9 Recommendations Based on the study various recommendations can be put forward for further research: 1. Research can be conducted to compare online learning among universities in Malaysia. 2. Research can be conducted related to performance in online learning. 3. Research can be conducted related to learning motivations and styles among virtual students. 4. Research can be conducted to focus on self-directed online learning. 5. Research can be done on learning among working adults their participation, motivations, needs and learning styles. Based on the study several recommendations can be made to improve online learning in UNITAR: 1. To ensure that virtual students in UNITAR can own PCs. Data indicated about 20.0 percent of the respondents do not own computers. This is a significant proportion. 2. To ensure those students are given adequate knowledge and skills related to computer applications, especially the most frequently used applications. 3. To focus on attracting more working adults to enroll in UNITAR programs. 4. To increase the intake from rural areas so that the virtual education in UNITAR can help to transcend the digital divide in the country. Presently the number of rural students is only about 20 percent. 5. To provide training in more sophisticated computer applications such as spreadsheet, development of homepage, presentation tools and developing multimedia materials. These applications may also help the students in their studies. 9

10 TABLE 1: DISTRIBTUTION OF RESPONDENTS ACCORDING TO SELECTED PERSONAL CHARACTERISTICS, Characteristics n Percent Field of Study (n=139) Information Technology Business Administration Social Science & Humanities Gender (n=139) Male Female Permanent Residence (n=139) Rural Urban Employment Status (n=138) Working Not working Academic performance (n=102) Weak (CGPA <2.00) Moderate (CGPA ) Good (CGPA ) Excellent (CGPA >=3.50) Mean 2.62 SD 0.45 Min 1.69 Max Age (years) (n=136) < >=30 Mean SD 2.97 Min. 18 Max 35 Salaries (RM) (n=29) Low (< ) Moderate ( ) High (>= ) Mean SD Min Max Working experience (years) (n=27) >6 Mean 3.57 SD

11 Min. 1 Max. 11 TABLE 2: PERCENTAGE DISTRIBUTION OF RESPONDENTS FAMILIARITY WITH COMPUTER APPLICATIONS, 2001 Computer Applications Not Familiar Slight- Average Familiar Word Processing (n=137) Spreadsheet (n=137) CD-ROMS (n=137) (n=137) Internet Search (n=136) Developing a homepage (n=137) Presentation tools (n=137) Developing multimedia materials (n=137)

12 TABLE 3: PERCENTAGE DISTRIBUTION OF RESPONDENTS COMPETENCY LEVEL OF COMPUTER APPLICATIONS, 2001 Computer Applications Not Competent Percent (n) Slight- Average Competent Word Processing (n=136) Spreadsheet (n=136) CD-ROMS (n=136) (n=136) Internet Search (n=136) Developing a homepage (n=136) Presentation tools (n=136) Developing multimedia materials (n=136)

13 TABLE 4: PERCENTAGE DISTRIBUTION OF RESPONDENTS FREQUENCY OF USAGE OF COMPUTER APPLICATIONS ACCORDING, 2001 Percent (n) Computer Applications Not at all A littlesometimes Often Word Processing (n=138) Spreadsheet (n=138) CD-ROMS (n=138) (n=138) Internet Search (n=138) Developing a homepage (n=138) Presentation tools (=138) Developing multimedia materials (n=138)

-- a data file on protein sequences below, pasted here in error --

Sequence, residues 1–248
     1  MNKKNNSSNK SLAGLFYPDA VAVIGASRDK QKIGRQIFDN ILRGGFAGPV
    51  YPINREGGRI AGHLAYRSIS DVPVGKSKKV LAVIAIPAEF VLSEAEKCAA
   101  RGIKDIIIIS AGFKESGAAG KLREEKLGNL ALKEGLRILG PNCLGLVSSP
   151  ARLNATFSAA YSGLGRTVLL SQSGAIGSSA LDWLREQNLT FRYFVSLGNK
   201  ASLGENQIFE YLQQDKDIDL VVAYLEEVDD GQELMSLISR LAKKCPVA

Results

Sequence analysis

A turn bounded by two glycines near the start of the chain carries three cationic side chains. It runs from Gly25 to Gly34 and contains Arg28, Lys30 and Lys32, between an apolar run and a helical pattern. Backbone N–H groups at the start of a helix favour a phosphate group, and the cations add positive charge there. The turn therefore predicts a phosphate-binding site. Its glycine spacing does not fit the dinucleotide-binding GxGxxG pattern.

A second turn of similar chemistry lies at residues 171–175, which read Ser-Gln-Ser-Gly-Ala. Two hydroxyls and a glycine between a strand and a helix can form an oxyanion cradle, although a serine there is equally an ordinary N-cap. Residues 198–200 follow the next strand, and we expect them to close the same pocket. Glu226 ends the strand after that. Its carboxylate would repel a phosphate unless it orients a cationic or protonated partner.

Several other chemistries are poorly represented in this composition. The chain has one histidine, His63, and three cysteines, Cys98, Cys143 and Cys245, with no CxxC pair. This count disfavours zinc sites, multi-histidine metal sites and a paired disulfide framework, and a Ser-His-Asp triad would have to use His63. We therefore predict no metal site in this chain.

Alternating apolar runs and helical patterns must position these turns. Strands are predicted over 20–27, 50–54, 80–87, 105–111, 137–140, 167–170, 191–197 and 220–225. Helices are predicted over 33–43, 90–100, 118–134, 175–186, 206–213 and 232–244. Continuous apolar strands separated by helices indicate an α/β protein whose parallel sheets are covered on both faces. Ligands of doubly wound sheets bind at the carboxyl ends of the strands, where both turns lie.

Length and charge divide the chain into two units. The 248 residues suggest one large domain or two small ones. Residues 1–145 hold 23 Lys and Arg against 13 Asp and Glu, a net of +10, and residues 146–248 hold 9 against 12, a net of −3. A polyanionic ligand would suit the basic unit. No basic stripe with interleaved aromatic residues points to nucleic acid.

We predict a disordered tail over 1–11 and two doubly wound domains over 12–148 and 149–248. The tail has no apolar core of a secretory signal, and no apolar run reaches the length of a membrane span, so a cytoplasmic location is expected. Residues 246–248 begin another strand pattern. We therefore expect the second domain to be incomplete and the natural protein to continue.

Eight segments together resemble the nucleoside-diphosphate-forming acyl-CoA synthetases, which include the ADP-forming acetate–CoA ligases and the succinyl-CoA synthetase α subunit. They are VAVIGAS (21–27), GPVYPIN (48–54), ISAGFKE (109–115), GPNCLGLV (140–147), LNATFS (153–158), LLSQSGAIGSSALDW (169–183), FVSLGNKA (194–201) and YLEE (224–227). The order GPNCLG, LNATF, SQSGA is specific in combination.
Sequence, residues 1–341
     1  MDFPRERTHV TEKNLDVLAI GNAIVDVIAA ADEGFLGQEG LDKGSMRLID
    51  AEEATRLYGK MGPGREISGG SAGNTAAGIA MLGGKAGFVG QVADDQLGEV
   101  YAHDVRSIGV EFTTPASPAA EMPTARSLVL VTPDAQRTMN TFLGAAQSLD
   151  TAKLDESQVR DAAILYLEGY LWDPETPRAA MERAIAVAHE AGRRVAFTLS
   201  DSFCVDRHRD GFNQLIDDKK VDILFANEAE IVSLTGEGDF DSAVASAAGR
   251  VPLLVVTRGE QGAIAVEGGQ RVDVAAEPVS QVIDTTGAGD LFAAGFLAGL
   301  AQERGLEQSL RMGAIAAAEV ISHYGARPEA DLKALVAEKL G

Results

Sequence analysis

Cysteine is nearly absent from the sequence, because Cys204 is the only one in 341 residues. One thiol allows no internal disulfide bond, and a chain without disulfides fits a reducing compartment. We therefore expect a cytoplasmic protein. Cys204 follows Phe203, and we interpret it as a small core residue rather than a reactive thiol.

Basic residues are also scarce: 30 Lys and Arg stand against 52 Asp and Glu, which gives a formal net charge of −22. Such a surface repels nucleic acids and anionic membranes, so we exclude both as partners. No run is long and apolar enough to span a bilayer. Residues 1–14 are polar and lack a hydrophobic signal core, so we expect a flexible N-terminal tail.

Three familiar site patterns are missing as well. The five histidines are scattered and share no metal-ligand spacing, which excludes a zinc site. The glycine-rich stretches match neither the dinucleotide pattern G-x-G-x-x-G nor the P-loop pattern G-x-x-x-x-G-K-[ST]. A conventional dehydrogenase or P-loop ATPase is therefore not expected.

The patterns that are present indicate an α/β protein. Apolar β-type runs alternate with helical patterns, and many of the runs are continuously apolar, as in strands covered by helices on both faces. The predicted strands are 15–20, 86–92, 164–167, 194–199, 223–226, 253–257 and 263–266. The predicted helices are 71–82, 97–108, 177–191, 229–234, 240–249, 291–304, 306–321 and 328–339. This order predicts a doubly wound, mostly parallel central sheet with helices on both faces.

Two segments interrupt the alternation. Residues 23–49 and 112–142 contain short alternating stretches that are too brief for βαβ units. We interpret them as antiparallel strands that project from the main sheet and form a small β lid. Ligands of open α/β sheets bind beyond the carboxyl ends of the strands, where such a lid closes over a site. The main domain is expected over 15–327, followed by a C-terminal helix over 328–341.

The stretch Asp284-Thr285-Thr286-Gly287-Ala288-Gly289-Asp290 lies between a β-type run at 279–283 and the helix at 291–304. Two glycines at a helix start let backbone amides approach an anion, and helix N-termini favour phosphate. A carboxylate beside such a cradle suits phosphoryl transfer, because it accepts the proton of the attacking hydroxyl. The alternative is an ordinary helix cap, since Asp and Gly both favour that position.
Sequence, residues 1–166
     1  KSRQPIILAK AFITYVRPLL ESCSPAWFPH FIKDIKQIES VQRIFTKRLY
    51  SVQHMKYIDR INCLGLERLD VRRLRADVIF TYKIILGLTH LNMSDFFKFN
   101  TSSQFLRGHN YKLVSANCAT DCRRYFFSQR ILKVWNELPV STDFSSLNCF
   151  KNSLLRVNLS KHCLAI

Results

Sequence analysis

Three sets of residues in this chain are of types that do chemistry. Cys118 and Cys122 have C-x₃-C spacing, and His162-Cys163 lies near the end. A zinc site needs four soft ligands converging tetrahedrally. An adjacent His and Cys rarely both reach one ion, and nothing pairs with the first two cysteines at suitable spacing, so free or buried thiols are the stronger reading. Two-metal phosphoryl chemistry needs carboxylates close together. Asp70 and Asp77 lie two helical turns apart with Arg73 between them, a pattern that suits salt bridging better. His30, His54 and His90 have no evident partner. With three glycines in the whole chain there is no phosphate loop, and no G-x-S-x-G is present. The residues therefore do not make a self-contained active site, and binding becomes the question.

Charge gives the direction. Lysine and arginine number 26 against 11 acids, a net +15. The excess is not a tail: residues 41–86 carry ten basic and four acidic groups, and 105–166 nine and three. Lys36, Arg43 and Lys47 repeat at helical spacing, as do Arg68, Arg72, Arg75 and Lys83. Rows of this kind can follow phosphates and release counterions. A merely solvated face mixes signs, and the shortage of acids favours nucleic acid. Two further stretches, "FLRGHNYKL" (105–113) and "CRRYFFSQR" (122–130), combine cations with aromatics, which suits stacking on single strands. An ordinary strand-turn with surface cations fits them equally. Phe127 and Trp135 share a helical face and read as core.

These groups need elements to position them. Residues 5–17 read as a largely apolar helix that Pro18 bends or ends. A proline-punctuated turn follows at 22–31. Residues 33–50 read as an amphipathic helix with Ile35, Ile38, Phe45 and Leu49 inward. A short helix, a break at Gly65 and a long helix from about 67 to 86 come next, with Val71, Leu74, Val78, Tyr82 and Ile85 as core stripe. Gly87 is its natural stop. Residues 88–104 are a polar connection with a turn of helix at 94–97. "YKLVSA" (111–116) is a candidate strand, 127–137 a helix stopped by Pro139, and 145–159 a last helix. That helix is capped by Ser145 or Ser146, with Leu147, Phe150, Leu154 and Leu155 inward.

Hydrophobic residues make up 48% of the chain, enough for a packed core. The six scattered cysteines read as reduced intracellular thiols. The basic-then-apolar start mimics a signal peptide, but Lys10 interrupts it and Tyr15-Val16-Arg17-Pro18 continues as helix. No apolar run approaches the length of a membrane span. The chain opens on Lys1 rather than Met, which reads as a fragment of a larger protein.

14 TABLE 5: CATEGORIES OF RESPONDENTS ACCORDING TO LEVEL OF READINESS TOWARDS ONLINE LEARNING Level Frequency Percent Low (34-79) Moderate (80-124) High ( ) Total Mean Minimum 68 SD 15.7 Maximum 164 TABLE 6: RELATIONSHIP BETWEEN SELECTED RESPONDENTS PERSONAL CHARACTERISTICS, COMPUTER KNOWLEDGE AND SKILLS LEVEL OF READINESS TOWARDS ONLINE LEARNING, 2001 Variables n r p Personal Characteristics Age Income Working Experience CGPA Computer Knowledge and Skills Level of familiarity Level of competency Frequency of utilization

15 TABLE 7: COMPARISON OF RESPONDENTS ACCORDING TO SELECTED GROUPS AND THEIR LEVEL OF READINESS TOWARDS ONLINE LEARNING, 2001 Variable n Mean t p Gender Female Male Field if study IT/Computer Others Residence Rural Urban Working Yes No Computer ownership Yes No Internet connection Yes No

16 TABLE 8: CATEGORIES OF RESPONDENTS ACCORDING TO LEVEL OF ATTITUDE TOWARDS ONLINE LEARNING, 2001 Level Frequency Percent Low (25-58) Moderate (59-91) High (92-125) Total Mean Minimum 25 SD Maximum 125 TABLE 9: RELATIONSHIP BETWEEN RESPONDENTS SELECTED PERSONAL CHARACTERISTICS, COMPUTER KNOWLEDGE AND SKILLS AND LEVEL OF ATTITUDE TOWARDS ONLINE LARNING, 2001 Variables n r p Personal Characteristics Age Income Working Experience CGPA Computer knowledge and skills Level of Familiarity Level of competency Frequency of utilization

17 TABLE 10: COMPARISON OF RESPONDENTS ACCORDING TO SELECTED GROUPS AND THEIR LEVEL OF ATTITUDE TOWARDS ONLINE LEARNING, 2001 Variables n Mean t P Gender Female Male Field if study IT/Computer Others Residence Rural Urban Working Yes No Computer ownership Yes No Internet connection Yes No

18 References Boone, E. J. (1990). A perspective on self-directed learning and its implications for adult students enrolled in USM s off-campus academic program. A paper presented at a teletutorial with USM off-campus students, August , Penang, Malaysia. Guglielmino, Lucy. (1977). Development of the self-directed learning readiness scale. Doctoral Dissertation, University of Georgia. (Dissertation Abstracts International, 38, 6467A) Harasim,L., Hiltz. S.R., Teles, S. & Turoff, M. (1997). Learning networks: A field guide to tecahing and learning online. Cambridge, Massachusetts: MIT Press Moss, G. (1987). The trainers handbook. Singapore: Singapore Institute of Management. 18